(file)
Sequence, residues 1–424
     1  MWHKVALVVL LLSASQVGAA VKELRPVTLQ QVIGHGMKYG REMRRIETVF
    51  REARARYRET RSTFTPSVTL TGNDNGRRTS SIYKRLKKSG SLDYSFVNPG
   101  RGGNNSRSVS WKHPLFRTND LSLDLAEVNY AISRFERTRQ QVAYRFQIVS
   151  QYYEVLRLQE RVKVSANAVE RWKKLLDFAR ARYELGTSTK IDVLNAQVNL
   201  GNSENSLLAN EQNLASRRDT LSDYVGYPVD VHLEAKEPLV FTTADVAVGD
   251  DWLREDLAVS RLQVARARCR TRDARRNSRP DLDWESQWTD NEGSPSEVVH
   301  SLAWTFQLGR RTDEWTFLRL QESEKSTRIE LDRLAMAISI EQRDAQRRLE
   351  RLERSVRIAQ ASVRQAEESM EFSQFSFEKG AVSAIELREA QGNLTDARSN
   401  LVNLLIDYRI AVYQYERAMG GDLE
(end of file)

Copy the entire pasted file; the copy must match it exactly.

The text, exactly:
Sequence, residues 1–424
     1  MWHKVALVVL LLSASQVGAA VKELRPVTLQ QVIGHGMKYG REMRRIETVF
    51  REARARYRET RSTFTPSVTL TGNDNGRRTS SIYKRLKKSG SLDYSFVNPG
   101  RGGNNSRSVS WKHPLFRTND LSLDLAEVNY AISRFERTRQ QVAYRFQIVS
   151  QYYEVLRLQE RVKVSANAVE RWKKLLDFAR ARYELGTSTK IDVLNAQVNL
   201  GNSENSLLAN EQNLASRRDT LSDYVGYPVD VHLEAKEPLV FTTADVAVGD
   251  DWLREDLAVS RLQVARARCR TRDARRNSRP DLDWESQWTD NEGSPSEVVH
   301  SLAWTFQLGR RTDEWTFLRL QESEKSTRIE LDRLAMAISI EQRDAQRRLE
   351  RLERSVRIAQ ASVRQAEESM EFSQFSFEKG AVSAIELREA QGNLTDARSN
   401  LVNLLIDYRI AVYQYERAMG GDLE